Thursday, November 12, 2009

Book review

Social-Science Commentary on the Letters of Paul

Authors: Bruce J. Malina, John J. Pilch
Publisher: Augsburg Fortress, 2006
Paperback: x + 417 pps.

Thanks to the great folks at Augsburg Fortress for this review copy! I'm quite interested in the 'world' in which the NT authors lived in (i.e., their socio-economic background, customs, worldview, attitude, etc.) and so this seemed to be a good book to look at to see how they understand Paul from that perspective. First, a quick caveat: they are adamant that only seven letters are Paul-authored and the rest are possibly second, third, or even fourth-generation "Jesus-group documents"! I'm not sure how I feel about that, but since this review is not dealing with that issue, I won't stir that hornets' nest. Therefore, this commentary only looks at those seven letters. Second, the writers are equally convinced that a phrase such as Ἰουδαῖος οὐδὲ Ἕλλην in Gal. 3:28 are not referring to racial distinctions between Jews or Gentiles, but refers instead to "Judeans," ones practicing Judean traditions, and "Hellenists," those civilized folk characterized by the use of the common Greek language.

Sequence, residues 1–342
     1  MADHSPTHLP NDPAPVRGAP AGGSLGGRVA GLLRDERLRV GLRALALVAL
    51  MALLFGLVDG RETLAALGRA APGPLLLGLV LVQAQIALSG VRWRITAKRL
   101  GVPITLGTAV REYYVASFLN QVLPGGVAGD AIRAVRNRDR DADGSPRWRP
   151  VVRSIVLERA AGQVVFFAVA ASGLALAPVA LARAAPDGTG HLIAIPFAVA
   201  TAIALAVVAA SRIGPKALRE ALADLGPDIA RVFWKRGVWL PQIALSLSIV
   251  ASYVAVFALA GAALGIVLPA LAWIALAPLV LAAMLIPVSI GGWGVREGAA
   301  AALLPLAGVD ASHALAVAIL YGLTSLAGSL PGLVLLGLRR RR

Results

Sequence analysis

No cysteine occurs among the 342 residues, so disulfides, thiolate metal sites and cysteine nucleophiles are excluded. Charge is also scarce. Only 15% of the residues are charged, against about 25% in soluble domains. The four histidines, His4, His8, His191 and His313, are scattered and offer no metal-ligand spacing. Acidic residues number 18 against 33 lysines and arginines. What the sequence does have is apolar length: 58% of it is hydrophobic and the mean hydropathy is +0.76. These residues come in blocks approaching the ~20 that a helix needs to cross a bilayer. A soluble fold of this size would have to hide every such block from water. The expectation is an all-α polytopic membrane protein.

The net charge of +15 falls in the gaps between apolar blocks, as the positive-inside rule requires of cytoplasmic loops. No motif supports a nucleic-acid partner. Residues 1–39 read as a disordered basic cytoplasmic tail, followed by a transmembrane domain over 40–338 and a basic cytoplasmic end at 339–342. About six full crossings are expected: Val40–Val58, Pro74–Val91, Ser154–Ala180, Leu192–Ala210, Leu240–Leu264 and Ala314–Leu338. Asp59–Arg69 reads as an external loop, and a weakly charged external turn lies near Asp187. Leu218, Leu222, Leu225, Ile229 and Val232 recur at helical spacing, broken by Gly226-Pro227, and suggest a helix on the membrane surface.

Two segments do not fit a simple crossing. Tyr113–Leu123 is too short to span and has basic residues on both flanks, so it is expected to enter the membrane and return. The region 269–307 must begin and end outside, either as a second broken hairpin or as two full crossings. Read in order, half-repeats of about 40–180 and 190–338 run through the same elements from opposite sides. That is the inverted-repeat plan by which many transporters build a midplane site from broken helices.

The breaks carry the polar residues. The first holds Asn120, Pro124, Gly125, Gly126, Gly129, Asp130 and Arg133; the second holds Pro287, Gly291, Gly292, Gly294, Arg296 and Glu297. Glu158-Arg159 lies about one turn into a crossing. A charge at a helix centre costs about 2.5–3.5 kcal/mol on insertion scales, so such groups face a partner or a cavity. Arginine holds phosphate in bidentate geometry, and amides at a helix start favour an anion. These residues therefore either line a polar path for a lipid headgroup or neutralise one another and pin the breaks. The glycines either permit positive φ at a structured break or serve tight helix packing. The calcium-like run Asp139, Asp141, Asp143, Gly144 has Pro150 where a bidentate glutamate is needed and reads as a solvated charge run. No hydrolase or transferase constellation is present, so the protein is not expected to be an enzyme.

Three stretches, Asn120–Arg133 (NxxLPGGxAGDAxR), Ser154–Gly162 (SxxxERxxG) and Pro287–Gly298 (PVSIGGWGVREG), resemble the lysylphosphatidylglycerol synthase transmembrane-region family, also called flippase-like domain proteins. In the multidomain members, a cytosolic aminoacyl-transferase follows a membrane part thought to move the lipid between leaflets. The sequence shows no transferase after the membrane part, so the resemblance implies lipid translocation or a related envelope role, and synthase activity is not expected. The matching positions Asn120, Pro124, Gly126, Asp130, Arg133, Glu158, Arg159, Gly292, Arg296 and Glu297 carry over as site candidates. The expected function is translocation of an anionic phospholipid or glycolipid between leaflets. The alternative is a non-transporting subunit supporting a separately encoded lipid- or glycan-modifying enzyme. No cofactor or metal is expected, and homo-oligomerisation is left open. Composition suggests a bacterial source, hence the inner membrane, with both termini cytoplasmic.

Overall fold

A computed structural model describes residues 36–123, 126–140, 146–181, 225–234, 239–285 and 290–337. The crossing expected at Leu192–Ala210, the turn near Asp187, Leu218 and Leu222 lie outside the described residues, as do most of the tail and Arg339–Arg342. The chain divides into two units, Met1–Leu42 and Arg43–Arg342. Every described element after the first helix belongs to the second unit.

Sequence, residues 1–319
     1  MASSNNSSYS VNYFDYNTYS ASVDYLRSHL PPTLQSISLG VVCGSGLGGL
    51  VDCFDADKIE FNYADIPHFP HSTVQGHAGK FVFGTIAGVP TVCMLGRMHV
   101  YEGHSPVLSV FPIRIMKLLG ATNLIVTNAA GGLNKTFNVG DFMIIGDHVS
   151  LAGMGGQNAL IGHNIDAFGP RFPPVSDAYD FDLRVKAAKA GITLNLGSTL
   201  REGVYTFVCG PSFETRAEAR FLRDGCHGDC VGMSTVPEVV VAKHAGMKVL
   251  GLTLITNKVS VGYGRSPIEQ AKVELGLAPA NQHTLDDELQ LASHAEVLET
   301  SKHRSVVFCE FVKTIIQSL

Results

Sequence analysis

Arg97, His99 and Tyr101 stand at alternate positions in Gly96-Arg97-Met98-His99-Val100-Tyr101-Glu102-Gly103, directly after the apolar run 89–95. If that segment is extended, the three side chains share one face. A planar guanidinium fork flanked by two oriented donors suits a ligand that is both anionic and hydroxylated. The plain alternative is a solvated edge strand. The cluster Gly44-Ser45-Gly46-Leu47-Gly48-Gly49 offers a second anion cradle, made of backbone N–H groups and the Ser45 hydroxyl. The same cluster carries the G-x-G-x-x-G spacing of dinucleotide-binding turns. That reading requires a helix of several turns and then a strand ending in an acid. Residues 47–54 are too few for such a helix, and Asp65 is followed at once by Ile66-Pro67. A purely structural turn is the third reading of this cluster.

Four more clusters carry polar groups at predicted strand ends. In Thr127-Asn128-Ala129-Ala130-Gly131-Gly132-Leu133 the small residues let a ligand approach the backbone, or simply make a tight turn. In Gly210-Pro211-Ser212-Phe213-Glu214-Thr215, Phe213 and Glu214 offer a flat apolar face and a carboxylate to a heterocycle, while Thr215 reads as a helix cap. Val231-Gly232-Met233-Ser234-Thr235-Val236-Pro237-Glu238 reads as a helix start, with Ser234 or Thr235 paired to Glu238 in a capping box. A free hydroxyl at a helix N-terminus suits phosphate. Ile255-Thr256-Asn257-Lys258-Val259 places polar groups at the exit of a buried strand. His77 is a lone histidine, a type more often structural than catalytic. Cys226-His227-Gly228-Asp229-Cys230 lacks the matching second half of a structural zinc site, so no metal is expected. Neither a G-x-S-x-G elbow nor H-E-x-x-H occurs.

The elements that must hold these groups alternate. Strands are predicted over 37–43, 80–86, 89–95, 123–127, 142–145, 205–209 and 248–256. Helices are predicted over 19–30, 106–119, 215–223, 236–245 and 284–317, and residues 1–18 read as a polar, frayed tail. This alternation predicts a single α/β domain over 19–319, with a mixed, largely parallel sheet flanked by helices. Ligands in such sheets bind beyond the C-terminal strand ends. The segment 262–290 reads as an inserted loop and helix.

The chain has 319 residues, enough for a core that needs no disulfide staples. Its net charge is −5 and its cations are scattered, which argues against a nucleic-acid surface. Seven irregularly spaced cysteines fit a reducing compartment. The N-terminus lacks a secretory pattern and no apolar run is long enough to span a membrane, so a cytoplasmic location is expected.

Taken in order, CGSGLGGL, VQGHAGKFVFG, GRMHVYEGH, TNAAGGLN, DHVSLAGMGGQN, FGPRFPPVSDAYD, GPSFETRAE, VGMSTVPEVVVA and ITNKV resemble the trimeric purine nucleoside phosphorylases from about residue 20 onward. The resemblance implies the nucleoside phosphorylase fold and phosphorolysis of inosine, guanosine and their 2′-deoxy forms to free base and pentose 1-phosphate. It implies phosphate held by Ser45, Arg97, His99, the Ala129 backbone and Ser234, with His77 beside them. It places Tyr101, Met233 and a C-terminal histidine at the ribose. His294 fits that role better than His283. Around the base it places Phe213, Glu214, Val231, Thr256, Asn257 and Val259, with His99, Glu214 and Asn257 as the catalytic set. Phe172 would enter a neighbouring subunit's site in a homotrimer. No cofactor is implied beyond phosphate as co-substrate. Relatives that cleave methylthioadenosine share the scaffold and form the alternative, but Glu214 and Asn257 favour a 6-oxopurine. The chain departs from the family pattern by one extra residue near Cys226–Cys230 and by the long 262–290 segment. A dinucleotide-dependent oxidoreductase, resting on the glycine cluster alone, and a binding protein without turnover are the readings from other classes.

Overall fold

As the title suggests, this is a commentary, so each chapter is devoted to each of the seven letters of Paul. The big plus for me in this book was the chapter that followed these sections, what they titled 'Reading Scenarios for the (Authentic) Letters of Paul' (Seemed like they really wanted to drive home this point...) This section focuses on anthropological themes that help to interpret the letters. Some of the topics mentioned are: challenge-riposte, purity-pollution, collectivistic personality, demons-demon possession, encomium, and patronage system. There's much more, but you get the idea. Again, this is a commentary, not a book meant to be read cover to cover, so I think it is a good supplement to understand some of the things that are going on the NT world. I'm sure I'll look at this book from time to time to see what social conventions might have been detected in the Pauline letters.


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